A developing resource for parents and IEP teams!
What is an IEP Coach?
- Are specially trained parent volunteers available through the Utah Parent Center.
- Have current knowledge and skills to effectively support parents in regard to their role, responsibilities, and rights in the IEP process.
- Are available to “coach” parents as they prepare for, participate in, and follow-up on IEP meetings and their role in the process of developing effective educational programs for their students with disabilities.
- Work actively to promote a positive, effective partnership between parents, the school, and other professionals who serve their children.
- Must demonstrate the knowledge and skills required to effectively fulfill their responsibilities in order to become actively involved in working with parents.
- Participate in ongoing training and skill-building.
What kind of training has an IEP Coach received?
Most IEP Coaches have been associated with the UPC for some time and they have received training from the staff of the Center on a number of topics. In addition, they participate in intensive and ongoing training to deepen their understanding, increase their knowledge, and hone their skills. Training, support, mentoring, and assistance are available from UPC staff as they fulfill their responsibilities. Training covers the following topics:
- The Role and Responsibilities of an IEP Coach
- IEP Process – “Parents As Partners”
- Transition to Adult Life
- Special Education Laws, Rules, and Regulations
- Effective Communication and Handling Difficult Situations
- Diffusing the Anxious Parent
- Negotiation and Advocacy Skills Training (Interest-based negotiation)
- Dispute Resolution Processes – focusing on early dispute resolution
- Problem-Solving and IEP Coach Role Playing
- Setting Boundaries – Supporting Other Parents
- UPC Volunteer Policies and Guidelines
Is there an IEP Coach in my area?
This is new program and the number of IEP Coaches is limited at this time. Contact the Center to see if there is a Coach in your area.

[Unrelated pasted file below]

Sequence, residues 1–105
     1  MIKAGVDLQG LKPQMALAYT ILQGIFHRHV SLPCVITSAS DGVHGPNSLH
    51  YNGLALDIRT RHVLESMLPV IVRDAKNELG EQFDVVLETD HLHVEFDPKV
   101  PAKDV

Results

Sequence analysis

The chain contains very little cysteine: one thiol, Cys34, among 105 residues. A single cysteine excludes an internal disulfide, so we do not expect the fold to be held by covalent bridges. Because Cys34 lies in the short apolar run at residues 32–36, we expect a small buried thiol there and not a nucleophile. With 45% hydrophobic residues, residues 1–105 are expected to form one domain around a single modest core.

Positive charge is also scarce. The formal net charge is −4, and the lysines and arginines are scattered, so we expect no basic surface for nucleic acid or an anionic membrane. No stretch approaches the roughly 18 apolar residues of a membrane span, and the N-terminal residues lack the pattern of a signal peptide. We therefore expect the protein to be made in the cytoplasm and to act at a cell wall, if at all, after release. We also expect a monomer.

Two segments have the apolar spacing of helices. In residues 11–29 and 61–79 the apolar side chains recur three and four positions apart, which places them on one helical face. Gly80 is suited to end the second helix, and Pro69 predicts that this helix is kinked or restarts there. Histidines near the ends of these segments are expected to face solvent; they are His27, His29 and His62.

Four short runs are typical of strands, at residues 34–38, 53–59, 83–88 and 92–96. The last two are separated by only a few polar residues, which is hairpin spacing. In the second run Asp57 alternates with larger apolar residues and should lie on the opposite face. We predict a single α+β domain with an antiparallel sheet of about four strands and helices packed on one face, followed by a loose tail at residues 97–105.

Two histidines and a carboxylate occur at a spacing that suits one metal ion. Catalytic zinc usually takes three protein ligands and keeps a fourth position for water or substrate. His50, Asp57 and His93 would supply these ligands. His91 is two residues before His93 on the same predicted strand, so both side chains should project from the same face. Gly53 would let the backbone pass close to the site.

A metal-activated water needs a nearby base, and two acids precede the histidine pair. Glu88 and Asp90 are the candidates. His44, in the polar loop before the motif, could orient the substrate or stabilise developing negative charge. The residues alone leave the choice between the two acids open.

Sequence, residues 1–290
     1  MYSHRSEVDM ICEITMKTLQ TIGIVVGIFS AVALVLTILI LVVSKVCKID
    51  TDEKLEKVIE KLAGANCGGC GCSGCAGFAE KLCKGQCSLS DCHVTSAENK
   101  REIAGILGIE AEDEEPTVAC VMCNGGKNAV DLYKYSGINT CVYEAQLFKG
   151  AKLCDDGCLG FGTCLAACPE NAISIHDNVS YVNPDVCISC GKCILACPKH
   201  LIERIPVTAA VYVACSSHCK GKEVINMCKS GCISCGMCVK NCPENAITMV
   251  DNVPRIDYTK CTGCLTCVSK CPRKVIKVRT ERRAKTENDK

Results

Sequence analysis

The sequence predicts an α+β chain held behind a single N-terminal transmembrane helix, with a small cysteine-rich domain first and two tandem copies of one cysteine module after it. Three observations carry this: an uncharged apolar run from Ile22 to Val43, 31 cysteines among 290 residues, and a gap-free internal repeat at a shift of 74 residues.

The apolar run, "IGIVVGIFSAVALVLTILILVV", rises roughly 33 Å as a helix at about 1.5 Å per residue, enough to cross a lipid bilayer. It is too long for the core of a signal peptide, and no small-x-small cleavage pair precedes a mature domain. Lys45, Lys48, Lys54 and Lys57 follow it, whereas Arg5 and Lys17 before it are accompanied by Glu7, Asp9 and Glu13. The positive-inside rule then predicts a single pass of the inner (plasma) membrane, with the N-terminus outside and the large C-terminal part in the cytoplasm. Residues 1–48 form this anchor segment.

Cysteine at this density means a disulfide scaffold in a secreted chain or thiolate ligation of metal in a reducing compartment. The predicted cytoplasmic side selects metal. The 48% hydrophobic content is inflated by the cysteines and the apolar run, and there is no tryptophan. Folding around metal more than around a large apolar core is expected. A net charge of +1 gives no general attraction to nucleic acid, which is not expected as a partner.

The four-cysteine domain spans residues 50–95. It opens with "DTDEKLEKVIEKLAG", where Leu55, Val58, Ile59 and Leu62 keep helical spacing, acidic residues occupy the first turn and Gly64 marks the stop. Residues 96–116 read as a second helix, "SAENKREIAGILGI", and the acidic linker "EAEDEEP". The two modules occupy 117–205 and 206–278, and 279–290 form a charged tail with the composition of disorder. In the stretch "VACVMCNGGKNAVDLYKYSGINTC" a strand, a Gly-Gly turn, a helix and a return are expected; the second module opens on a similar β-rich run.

For more information about IEP Coaches contact:
Esperanza Reyes, Associate Director of Parent Training and Information at email@example.com
801-272-1051 or 1-800-468-1160
Community Resource Volunteers (CRVs or Volunteers)
CRVs have been identified throughout Utah. Each of our Volunteers is provided training, resource information and staff support to help them reach and assist parents of children with disabilities in their area.
Some of the activities in which our CRVs might choose to be involved in include:
- Serving as a support person to parents of children with disabilities/special needs.
- Gathering information about services available in their area and how to access those services.
- Determining specific needs of their community and help to obtain appropriate training from the Utah Parent Center or other professionals to meet those needs.
- Supporting, promoting and, if needed, organizing local activities of Utah Parent Center programs and projects.
- Providing support and assistance to parents support groups in their area.
- Identifying and helping parents of children with disabilities/special needs to access support and services (i.e. support groups, community organizations, medical services, etc.).
- Actively working to promote a positive, effective partnership between the parents, their school and other professionals that serve their child.
- Becoming familiar with the special education process and being prepared to support parents as they participate as team members to determine the appropriate educational program for their child.
- Communicating with the district special education director and other professionals in various agencies as needed to help resolve parental concerns and sustain collaborative efforts.
Family to Family Network
The Utah Parent Center’s Family to Family Network is a grassroots volunteer organization composed of family leaders in various communities across Utah who have a relative with a disability.
The mission of the Family to Family Networks is to educate, strengthen and support families of persons with disabilities. They can help you by providing:
- support through local monthly meetings, either in-person or online.
- information and referral.
- family to family support.
- advocacy for families.
- help to families who qualify or may be eligible for services from the Utah State Division of Services for People with Disabilities (DSPD) and help them understand programs and services and how to work with service providers and support coordinators.
For more information, visit their website: www.utahfamilytofamilynetwork.org